House parties decline in southeast Queens | Bowing Down Home


File: hallidayjimmy-oh-endofera_M.mp3


JH – Jimmy Halliday

EM – Eddie Martin

KP – Curator Ken Perlman

KP When did the house parties start to go down?

JH When they started to put carpet on, I guess Eddie was it? No, People are pretty particular now, you know.

EM Televisions come in and I guess they...

JHYou went in that time , in the winter time and everything - boots shoes, you know. You won't get away with that no-- you'd have to take your shoes off at the door now most houses, and you couldn't dance anywhere.

KP When was that about when it changed, when did they start to fade away?

EM: It was in the 40s I’d say.

JH In the early 50's. During the war - when anybody left the district, when they come home on leave - they gave them a party. So there were a lot of parties that time, during the war. They'd give them a gift and a party, a send off. But after that… [It was] any excuse for a party - they'd have a housewarming too, if people moved into a new house or a different home, or somebody’d come into the district. Housewarming they called it. They'd hoop her up! Anyway, there’s changes, there's always changes. You have to accept change.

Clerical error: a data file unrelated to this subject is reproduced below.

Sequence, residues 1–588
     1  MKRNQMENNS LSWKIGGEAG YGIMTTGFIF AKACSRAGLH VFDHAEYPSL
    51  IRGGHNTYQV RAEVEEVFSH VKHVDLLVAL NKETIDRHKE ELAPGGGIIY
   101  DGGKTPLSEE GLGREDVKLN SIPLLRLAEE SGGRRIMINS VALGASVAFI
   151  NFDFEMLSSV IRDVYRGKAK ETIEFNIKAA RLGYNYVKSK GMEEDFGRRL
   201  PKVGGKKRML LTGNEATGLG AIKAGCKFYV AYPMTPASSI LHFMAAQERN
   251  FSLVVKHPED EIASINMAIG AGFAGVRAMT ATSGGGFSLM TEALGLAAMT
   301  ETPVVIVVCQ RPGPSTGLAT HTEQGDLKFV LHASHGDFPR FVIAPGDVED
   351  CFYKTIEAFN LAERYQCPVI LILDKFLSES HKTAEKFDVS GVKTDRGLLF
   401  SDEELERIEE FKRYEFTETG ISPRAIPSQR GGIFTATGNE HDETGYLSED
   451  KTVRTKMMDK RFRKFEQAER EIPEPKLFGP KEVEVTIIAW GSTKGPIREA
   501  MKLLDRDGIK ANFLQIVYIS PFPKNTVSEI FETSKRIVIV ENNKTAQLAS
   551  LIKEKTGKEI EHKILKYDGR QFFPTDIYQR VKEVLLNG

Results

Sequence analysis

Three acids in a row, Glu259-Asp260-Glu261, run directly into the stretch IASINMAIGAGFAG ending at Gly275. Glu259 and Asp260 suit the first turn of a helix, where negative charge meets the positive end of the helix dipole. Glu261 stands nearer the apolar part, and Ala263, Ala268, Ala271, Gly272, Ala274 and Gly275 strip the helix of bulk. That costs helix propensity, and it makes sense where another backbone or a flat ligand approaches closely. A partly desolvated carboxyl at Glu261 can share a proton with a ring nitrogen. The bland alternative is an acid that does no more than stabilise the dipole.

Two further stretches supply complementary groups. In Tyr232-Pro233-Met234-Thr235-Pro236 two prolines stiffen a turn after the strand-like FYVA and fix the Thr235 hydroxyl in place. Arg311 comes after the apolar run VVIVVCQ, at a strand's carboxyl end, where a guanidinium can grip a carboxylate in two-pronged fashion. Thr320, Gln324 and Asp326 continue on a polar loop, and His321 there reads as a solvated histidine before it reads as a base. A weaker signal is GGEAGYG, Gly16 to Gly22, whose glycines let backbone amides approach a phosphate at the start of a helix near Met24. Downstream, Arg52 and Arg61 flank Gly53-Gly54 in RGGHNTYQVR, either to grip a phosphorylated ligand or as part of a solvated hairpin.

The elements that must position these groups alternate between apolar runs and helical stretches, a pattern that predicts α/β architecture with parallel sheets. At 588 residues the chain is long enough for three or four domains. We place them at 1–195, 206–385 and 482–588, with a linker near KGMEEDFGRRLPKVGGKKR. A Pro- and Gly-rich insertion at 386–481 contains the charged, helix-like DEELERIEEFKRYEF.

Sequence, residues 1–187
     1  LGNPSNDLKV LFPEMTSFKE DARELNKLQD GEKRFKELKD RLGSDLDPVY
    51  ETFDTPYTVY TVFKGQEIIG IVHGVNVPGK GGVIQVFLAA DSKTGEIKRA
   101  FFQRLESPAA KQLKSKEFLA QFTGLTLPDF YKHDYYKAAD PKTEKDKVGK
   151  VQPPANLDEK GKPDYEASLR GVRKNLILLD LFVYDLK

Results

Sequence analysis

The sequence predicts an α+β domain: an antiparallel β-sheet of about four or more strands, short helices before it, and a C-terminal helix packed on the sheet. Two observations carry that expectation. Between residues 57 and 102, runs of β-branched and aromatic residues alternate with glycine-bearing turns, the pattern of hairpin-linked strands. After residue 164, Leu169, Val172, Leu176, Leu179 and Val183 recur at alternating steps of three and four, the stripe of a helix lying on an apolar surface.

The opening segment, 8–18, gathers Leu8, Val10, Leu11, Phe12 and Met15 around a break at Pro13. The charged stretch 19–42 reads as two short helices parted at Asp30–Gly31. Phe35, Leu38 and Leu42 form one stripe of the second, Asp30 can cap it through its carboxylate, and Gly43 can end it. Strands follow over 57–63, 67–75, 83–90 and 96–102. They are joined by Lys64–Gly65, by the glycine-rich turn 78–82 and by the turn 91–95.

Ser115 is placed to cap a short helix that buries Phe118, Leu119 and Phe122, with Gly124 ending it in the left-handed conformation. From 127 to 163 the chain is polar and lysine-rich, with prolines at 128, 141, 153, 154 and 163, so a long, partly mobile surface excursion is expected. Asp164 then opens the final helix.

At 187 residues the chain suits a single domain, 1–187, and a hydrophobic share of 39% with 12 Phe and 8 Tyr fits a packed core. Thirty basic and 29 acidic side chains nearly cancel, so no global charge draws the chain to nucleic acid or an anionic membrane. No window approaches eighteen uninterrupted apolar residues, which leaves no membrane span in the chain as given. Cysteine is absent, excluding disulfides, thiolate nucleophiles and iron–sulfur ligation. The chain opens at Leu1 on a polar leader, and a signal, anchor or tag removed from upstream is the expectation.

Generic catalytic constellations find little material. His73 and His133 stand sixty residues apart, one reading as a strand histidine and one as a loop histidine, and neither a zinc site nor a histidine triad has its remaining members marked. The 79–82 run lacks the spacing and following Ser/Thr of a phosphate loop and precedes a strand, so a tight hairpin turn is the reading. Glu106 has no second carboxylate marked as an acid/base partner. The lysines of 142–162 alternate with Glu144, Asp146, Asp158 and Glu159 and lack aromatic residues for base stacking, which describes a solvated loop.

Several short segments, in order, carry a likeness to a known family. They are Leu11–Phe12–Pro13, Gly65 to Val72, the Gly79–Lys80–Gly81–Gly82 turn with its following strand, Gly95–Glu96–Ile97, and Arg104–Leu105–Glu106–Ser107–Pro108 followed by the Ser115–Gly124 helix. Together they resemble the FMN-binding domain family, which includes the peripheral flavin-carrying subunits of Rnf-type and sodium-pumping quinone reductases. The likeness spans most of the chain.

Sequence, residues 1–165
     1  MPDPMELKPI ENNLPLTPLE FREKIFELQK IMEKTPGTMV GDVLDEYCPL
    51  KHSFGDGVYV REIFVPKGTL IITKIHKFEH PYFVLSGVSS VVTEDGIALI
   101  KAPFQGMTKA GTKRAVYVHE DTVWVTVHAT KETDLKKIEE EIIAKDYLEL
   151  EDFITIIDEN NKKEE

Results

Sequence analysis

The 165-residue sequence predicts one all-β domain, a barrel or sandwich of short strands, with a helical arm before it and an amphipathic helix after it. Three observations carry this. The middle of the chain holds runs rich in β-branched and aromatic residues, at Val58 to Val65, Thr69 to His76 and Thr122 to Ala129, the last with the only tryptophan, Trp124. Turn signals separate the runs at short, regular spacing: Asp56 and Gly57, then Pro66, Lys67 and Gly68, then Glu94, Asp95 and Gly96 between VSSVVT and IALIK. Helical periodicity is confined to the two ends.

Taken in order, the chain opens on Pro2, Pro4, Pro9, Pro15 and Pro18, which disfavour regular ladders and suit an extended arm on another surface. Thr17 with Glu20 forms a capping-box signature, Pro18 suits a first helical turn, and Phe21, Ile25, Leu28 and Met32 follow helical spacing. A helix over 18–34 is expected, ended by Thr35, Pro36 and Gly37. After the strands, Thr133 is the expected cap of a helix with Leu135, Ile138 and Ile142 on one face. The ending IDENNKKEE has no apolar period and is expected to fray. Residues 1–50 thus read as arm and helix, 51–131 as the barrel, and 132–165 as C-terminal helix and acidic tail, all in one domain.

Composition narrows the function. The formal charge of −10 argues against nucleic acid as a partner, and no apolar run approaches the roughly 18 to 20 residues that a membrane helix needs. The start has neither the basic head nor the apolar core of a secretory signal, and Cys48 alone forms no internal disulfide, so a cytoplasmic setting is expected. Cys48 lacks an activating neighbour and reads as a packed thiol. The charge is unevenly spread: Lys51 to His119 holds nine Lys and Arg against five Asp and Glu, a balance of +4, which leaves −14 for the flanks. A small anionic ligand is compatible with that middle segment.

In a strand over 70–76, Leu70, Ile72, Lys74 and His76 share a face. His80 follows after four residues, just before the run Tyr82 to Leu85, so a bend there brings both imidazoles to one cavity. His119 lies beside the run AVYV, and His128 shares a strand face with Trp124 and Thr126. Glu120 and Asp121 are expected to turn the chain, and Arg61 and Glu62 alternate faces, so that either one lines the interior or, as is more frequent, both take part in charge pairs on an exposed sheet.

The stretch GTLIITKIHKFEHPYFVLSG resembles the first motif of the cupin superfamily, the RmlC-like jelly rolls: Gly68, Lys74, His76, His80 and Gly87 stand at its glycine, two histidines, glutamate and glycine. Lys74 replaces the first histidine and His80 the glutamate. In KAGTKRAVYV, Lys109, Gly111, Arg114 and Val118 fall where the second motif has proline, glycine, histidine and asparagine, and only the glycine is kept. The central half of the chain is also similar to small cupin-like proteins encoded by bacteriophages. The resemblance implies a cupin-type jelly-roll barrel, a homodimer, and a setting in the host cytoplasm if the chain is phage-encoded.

KP But it was in the 50's.

JH Yes, I'd say it was the '50s. There was was more cars, and other entertainment. Eddie [Martin] says the television. Television ruined a lot of things. You go to visit in the house now -- There's something we used to do, visitin’. You go now to visit in a house, the television is on and you don't know whether you should talk or, you know, you're interrupting the television. It's a different ballgame altogether.

EM A different world

JH Different is right. I don;t know if I want to be around here another century, 100 years. You'd wonder what they could change but there's changes all the time now. Now it's the computer age, and everything is computer. I guess it's only the tip of the iceberg in that according to what I hear.